With beverage companies becoming much more aware of their ‘carbon’ footprint, and in a race to be the ‘most green’ many companies are in a hurry to green up their bottles. While Arrowhead Spring water has had the claim that they have the ‘greenest’ water bottle among bottled water companies with their Ecoshape bottles, the soda companies are now getting in on the action. Coca-Cola recently introduced their new PlantBottle and detail their steps toward a more sustainable bottle.
This new PlantBottle is produced using a blend of petroleum-based materials and up to 30 percent plant-based materials. Coca-Cola is using sugar cane and molasses, a by-product of sugar production, to turn into a key component for PET plastic in the PlantBottle. This allows the bottles to be fully recycled without contaminating the traditional PET plastic recycling process, and reduces carbon emissions by up to 25 percent, compared with petroleum-based PET.
Arrowhead Ecoshapes bottles are noticeably much thinner than most and claim that they are easier to recycle, but does that all of a sudden make them eco-friendly?
These solutions are a step in the right direction environmentally, however, I would argue that we need to shift our mindset. Essentially, we are just impacting the environment less, but are still responsible (maybe just a little less so) for one of the most destructive waste products on the planet. Petroleum based plastic is responsible for the deaths of millions of sea creatures a year and has created a plastic garbage island twice the size of Texas in the middle of the Pacific Ocean.
I can see their attempt to ‘green’ their bottles as a way to remain in a very profitable, and very convenient disposable packaging industry, but alas their business model is far from environmentally friendly. In a world (at least where these bottled waters are marketed) where you can just turn a knob and get high quality drinking water just about anywhere, and with the abundance of re-usable durable water containers in all shapes, styles and materials – these bottles should be obsolete. The fact that they are not is due to convenience, and for bottled water, a widely held belief that therein contains a higher quality water or exotic product.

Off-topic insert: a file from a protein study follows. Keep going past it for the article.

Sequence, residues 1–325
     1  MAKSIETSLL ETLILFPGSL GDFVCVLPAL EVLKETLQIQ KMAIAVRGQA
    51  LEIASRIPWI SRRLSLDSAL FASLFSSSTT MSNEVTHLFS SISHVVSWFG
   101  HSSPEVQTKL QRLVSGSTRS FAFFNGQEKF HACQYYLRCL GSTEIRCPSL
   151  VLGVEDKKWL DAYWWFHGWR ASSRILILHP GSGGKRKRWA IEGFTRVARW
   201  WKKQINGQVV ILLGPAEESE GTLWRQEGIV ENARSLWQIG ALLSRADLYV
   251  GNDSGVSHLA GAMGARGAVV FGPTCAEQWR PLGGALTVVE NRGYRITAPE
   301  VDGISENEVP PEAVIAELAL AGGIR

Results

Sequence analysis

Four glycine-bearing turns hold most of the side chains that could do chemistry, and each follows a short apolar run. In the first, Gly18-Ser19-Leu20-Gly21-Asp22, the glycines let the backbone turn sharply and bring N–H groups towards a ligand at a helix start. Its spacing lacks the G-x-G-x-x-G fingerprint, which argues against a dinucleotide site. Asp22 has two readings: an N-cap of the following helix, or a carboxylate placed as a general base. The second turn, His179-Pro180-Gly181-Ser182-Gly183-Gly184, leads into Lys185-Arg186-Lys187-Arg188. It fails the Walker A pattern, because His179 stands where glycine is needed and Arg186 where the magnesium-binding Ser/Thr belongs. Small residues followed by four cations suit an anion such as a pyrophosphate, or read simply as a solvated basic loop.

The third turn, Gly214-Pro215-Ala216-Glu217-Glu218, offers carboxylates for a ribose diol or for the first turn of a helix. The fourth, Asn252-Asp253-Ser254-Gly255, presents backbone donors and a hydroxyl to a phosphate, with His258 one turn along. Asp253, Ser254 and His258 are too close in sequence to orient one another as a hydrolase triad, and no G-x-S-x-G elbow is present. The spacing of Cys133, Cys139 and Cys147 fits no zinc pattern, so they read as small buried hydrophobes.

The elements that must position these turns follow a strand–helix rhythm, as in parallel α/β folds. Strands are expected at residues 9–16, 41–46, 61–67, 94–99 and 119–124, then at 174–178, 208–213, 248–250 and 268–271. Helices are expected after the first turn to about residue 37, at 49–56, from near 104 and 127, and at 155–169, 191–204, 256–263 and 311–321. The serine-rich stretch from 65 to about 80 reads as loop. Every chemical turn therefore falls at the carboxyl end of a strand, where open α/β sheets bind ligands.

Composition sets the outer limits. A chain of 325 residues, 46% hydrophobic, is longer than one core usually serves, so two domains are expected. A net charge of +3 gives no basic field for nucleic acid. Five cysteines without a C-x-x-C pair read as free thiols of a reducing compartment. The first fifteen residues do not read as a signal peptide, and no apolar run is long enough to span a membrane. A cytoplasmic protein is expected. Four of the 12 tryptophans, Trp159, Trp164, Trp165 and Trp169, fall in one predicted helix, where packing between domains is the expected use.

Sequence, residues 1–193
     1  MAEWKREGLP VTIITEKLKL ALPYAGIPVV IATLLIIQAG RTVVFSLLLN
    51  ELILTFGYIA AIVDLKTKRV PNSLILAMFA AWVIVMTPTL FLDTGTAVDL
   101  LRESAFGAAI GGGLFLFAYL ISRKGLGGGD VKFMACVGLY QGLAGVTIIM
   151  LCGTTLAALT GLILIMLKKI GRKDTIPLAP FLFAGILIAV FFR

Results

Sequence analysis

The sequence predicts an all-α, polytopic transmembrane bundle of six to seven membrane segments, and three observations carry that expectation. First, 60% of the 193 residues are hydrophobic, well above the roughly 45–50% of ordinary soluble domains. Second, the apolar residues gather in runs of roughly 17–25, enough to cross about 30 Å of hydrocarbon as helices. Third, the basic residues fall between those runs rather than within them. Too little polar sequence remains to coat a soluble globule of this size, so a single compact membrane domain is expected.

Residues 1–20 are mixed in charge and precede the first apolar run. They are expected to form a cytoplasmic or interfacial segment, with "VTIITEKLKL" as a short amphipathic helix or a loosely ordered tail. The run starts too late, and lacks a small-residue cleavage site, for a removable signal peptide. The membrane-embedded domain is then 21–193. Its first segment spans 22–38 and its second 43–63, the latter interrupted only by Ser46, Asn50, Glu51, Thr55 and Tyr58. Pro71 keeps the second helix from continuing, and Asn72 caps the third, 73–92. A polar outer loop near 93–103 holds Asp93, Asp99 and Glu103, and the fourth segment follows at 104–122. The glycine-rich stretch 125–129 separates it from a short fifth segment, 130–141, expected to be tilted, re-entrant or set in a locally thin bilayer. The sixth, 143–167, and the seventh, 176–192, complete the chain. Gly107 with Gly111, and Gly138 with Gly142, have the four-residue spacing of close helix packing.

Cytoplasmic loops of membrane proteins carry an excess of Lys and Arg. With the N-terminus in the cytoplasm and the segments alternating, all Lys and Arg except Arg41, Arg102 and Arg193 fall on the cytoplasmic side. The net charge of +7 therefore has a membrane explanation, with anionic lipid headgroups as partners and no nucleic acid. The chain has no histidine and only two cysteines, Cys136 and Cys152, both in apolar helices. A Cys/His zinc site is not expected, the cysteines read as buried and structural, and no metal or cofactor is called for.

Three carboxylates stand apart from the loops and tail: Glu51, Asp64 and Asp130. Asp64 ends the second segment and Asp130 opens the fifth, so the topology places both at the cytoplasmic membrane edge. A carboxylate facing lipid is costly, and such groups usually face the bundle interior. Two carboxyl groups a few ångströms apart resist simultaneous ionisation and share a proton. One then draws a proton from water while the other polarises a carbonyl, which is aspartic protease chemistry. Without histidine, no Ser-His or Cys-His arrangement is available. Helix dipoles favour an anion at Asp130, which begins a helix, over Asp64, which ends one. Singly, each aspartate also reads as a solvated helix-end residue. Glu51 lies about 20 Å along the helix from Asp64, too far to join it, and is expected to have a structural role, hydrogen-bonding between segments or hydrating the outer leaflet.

Tap water is monitored very carefully for pesticides, heavy metals, chemicals and organic materials with strict thresholds for each while bottled water is self regulated. This is not to say bottled water is dangerous, but studies have proven, time and time again, that the tap water in many cities is higher quality (less contaminants and higher mineral content) than those in the bottles from glaciers, springs, aquifers or mystery locations. It is not a secret many bottled water brands even bottle that very same tap water, however, this information doesn’t seem to play in the minds of consumers. As a product, bottled water has no real advantage over the plentiful and also convenient (with re-usable bottles) tap water.
Product aside, the real issue here is the proliferation of disposable packaging. Our solution to this is to recycle, however, recycling is highly overrated and should be a step towards a better solution, not THE solution. You are programmed to think recycling solves our over-packaged and ‘bottled for your convenience’ society. Everybody feels good when they recycle. You feel like you are doing your part to help the planet, be green, save the earth and all, but this is a half-truth. Recycling is an energy intensive process that uses resources, pollutes and tends to produce a lower grade product in the end especially in the case of plastic recycling. Recycling should be the last resort of the 3Rs- Reduce, Reuse, Recycle.
I propose we do away with plastic bottles, much as we are attempting to do away with plastic shopping bags. They are unnecessary and have become a modern day convenience turned hindrance. We should take the so called ‘third-world solution’, and return to the pre-disposable days of re-use and ingenuity in packaging.
I challenge you- go out and purchase a reusable bottle of your choice (here is a nice selection to choose from) and substitute it for your bottled water, your bottled soda (find a 7-eleven or a store with a soda fountain for your bubbly refills), even your daily iced-mocha. If you keep track of all of the plastic bottles and disposable plastic cups you have kept out of landfills, ocean islands and recycling plants, it will shock you. Plus I bet you will actually like it.Related posts:
15 Comments to Green Water Bottles and Now The PlantBottle Soda Bottle
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